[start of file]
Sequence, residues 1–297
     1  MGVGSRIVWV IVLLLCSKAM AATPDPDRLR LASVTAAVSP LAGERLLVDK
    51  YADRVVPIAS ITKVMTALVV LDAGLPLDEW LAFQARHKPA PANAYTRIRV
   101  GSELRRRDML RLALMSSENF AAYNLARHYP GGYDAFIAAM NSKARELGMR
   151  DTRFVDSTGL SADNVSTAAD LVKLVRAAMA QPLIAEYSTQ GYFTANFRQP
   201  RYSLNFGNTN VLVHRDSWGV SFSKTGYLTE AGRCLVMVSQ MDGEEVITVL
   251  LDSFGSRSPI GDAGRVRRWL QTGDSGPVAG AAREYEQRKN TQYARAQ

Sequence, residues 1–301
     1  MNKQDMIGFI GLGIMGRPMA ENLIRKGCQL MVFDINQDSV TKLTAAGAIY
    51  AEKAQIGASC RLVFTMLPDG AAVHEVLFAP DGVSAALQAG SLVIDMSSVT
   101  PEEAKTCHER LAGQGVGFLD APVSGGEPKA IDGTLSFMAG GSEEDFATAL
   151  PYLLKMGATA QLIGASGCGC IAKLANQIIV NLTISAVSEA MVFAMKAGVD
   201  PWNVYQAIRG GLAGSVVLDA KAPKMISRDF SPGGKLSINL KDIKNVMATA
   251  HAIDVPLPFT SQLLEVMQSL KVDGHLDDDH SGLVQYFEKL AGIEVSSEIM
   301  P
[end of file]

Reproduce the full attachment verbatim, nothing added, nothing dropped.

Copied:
Sequence, residues 1–297
     1  MGVGSRIVWV IVLLLCSKAM AATPDPDRLR LASVTAAVSP LAGERLLVDK
    51  YADRVVPIAS ITKVMTALVV LDAGLPLDEW LAFQARHKPA PANAYTRIRV
   101  GSELRRRDML RLALMSSENF AAYNLARHYP GGYDAFIAAM NSKARELGMR
   151  DTRFVDSTGL SADNVSTAAD LVKLVRAAMA QPLIAEYSTQ GYFTANFRQP
   201  RYSLNFGNTN VLVHRDSWGV SFSKTGYLTE AGRCLVMVSQ MDGEEVITVL
   251  LDSFGSRSPI GDAGRVRRWL QTGDSGPVAG AAREYEQRKN TQYARAQ

Sequence, residues 1–301
     1  MNKQDMIGFI GLGIMGRPMA ENLIRKGCQL MVFDINQDSV TKLTAAGAIY
    51  AEKAQIGASC RLVFTMLPDG AAVHEVLFAP DGVSAALQAG SLVIDMSSVT
   101  PEEAKTCHER LAGQGVGFLD APVSGGEPKA IDGTLSFMAG GSEEDFATAL
   151  PYLLKMGATA QLIGASGCGC IAKLANQIIV NLTISAVSEA MVFAMKAGVD
   201  PWNVYQAIRG GLAGSVVLDA KAPKMISRDF SPGGKLSINL KDIKNVMATA
   251  HAIDVPLPFT SQLLEVMQSL KVDGHLDDDH SGLVQYFEKL AGIEVSSEIM
   301  P